• Agnosticism is untenable and irrelevant, part 1.

    This writing is about why agnosticism is intellectually indefensible, and its mindspace competitor strong atheism is the most reasonable perspective. Frankly, there’s so much wrong with agnosticism I have to split into at least two posts. Unless you’re new to unbelief, you probably think you’ve heard every argument about agnosticism vs atheism (hereafter AvA): I promise in this part or part 2 you will read arguments or rationale that you’ve not seen articulated previously. This may be interesting for another reason: I am living dangerously by engaging in armchair philosophy on a network chock full of philosopher heavyweights who will be glad to swoop in and correct me. My hope is that they do so as necessary. I am not a professional, as they are, but these are topics I have been discussing and debating for about 20 years.

    Caveats and definitions
    This is not a primer on agnosticism. Please read a wiki if you are unacquainted. For the purposes of this writing, “agnostic” means someone who believes the god question cannot be answered, or else someone who has merely not been persuaded by evidence for or against the existence of god. “God” here means the god hypothesis, and refers to any transcendentally powerful creator being which people have sincerely believed in (no game-playing allowed). There may be other definitions of “god” or “God”, but they are not what I shall write about here.

    I. The belief-knowledge false dichotomy

    Agnostics often say that we can believe in a god (or disbelieve), but we can’t have knowledge there is or isn’t one. We shall set aside the obvious objection that if one existed, a God might pay us a visit and say hello, I am the creator! I think agnostics know that and discard it because it has never happened and is, prima facie, unlikely. So we have beliefs and knowledge. What do these words mean? In AvA discussions, belief is taken to be something we can’t prove or may not have evidence for; knowledge is a proposition which a rational observer is forced to accept by way of direct evidence or compelling argument. The agnostic tends to insist that knowledge and belief are categorically different. So different, they need to be put on different axes:

    Except that they aren’t. Is there anything you would say that you know to be true, but do not believe to be? Why not? Aren’t knowledge and belief separate?  The set of things we call knowledge is a subset of the things we call beliefs. What differentiates the two is merely the degree to which we should collectively be confident that it is correct. What we have is not two axes, but a single continuum of confidence. Often, individual ideas slide back and forth as our understanding advances.

    The Higgs Boson was just a belief a year or ten ago, but today or very soon it will be knowledge. In 1900, the idea that the continents are fixed in their positions and do not move was knowledge, and supported as such by the world’s leading geologists. Today, the idea is a mere belief, an incorrect one. What establishes a proposition as knowledge? That is to say, justified and true? The short answer is, no one knows. There simply is no hard-and-fast way to tell. Science proceeds on the reliability of knowledge, the assumption what was true through the yesterdays will be true through the tomorrows, but the conclusion remains provisional, not decisive.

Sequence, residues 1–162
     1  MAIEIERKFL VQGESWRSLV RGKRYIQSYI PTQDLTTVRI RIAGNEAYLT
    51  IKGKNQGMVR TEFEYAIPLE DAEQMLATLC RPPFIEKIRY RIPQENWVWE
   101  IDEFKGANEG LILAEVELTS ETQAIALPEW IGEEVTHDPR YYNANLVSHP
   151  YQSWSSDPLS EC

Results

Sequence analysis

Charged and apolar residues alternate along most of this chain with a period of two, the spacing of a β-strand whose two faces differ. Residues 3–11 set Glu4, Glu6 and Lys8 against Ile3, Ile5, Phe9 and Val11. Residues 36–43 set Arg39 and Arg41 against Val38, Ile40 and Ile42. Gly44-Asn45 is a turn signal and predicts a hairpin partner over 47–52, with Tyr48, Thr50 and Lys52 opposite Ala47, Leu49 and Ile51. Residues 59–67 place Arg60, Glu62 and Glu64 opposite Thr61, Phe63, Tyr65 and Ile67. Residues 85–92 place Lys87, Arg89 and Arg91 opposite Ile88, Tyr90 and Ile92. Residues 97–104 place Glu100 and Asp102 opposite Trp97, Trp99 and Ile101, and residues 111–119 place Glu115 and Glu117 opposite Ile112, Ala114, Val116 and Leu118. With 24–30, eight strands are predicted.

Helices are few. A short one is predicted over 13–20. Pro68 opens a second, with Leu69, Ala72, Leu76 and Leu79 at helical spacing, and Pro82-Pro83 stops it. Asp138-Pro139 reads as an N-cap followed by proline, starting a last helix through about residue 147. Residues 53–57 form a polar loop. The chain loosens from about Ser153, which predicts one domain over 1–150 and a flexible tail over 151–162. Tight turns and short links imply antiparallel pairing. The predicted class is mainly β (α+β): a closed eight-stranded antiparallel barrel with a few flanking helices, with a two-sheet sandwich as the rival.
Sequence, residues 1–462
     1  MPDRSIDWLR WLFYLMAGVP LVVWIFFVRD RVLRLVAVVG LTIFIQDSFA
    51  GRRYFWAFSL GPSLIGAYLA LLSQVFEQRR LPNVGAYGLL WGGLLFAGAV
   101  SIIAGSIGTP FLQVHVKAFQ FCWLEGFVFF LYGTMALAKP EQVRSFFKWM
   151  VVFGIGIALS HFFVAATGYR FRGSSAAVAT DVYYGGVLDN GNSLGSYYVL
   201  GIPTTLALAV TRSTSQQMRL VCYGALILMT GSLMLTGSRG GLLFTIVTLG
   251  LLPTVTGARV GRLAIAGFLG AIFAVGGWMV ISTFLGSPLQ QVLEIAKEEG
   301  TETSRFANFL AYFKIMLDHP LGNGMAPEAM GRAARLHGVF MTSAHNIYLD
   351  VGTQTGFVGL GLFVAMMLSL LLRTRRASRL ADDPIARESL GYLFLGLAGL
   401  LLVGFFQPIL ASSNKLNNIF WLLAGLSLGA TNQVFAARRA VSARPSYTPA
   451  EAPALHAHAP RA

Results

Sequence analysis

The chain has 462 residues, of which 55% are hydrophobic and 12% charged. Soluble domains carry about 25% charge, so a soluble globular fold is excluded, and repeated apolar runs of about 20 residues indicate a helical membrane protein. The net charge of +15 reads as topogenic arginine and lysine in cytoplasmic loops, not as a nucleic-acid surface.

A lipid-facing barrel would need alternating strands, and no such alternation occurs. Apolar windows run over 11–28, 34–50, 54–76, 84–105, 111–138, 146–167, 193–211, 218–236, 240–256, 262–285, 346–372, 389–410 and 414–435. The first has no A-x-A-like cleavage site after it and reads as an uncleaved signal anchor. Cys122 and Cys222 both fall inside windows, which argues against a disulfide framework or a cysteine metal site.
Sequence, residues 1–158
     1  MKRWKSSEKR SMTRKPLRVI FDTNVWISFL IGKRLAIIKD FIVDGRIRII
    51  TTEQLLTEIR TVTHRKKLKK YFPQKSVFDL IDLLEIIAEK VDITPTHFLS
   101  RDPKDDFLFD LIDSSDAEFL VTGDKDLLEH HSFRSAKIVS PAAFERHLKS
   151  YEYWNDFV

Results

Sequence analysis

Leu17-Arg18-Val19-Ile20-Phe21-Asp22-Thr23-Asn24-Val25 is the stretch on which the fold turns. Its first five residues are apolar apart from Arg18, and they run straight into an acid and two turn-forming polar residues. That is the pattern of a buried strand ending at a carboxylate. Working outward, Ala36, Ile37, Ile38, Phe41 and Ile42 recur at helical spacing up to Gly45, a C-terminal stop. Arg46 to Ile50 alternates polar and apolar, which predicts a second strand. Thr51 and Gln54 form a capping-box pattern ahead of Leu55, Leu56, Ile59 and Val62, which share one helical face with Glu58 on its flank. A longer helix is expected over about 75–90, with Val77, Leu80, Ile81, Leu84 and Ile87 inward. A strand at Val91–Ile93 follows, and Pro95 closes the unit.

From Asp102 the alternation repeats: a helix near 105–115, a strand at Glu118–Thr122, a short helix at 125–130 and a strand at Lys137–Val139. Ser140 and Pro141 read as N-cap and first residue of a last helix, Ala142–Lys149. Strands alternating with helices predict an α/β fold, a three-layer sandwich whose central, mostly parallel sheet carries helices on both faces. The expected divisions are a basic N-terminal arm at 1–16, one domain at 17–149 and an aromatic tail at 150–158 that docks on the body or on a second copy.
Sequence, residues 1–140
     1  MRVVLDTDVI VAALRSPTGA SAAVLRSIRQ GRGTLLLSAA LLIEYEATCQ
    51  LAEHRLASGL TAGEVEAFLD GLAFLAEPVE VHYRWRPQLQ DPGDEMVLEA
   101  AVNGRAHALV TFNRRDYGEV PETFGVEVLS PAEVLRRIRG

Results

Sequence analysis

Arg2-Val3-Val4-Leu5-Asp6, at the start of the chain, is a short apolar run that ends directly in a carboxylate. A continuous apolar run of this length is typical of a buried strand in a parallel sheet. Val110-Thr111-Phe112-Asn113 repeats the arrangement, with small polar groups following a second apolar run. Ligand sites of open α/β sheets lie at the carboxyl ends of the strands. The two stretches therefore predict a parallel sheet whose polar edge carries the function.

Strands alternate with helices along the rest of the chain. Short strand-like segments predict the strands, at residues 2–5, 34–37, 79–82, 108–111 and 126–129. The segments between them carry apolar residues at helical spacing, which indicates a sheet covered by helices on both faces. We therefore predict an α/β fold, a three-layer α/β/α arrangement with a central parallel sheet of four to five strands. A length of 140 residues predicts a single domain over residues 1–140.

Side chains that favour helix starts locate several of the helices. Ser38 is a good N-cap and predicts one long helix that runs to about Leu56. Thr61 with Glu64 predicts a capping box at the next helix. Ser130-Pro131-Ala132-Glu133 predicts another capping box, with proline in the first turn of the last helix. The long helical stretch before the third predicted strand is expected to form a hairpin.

In science, we can make judgement calls based on standards of evidence, but plenty of propositions exist outside of what science can examine, such as one-of events. What if I witnessed the real killer of John F Kennedy but have no physical evidence? Would you really tell me that I “believe” it but do not “know” what I saw with my own eyes, merely because it can’t be proven in a laboratory? Alternately perhaps you would say I can know it but that you cannot. Fair enough, but isn’t it strange that there is absolutely no means, even in theory, to decide whether that proposition is knowledge or belief? Not if we understand the distinction is actually an arbitrary, if useful, one.

    So it is, the two words are just ways of expressing how sure we are about the veracity of a proposition. The chart collapses, and the remaining axis is “confidence”. Qualms about why we should or should not be confident are accessory, the same as any two opposed positions.

    II. Thomas Huxley: a deity late, an Allah short

    The word “agnosticism” was coined by Thomas Huxley in 1869. This means that millennia of philosophical thought progressed without the need for a word for this position, including the entire Enlightenment period. Philosopher icons from Socrates to Spinoza, to Hume never uttered the word- not even the biggest contributors to the philosophy of theology and atheism. Don’t get me wrong, I am not saying people prior to 1869 did not fit the definition of “agnostic”- they surely did. But the big guys who tried to prove God by argument like Anselm and Descartes and big skeptical thinkers like Hume and Kant never once needed the term. The Greek word for atheist, conversely, is at least 2500 years old. This isn’t proof of much, but it is a rather curious fact.

    Coming up in part 2: paradoxes, pretentiousness, and special pleading.


    Category: philosophysecularism

  • Article by: Edward Clint

    Ed Clint is an evolutionary psychologist, co-founder of Skeptic Ink, and USAF veteran.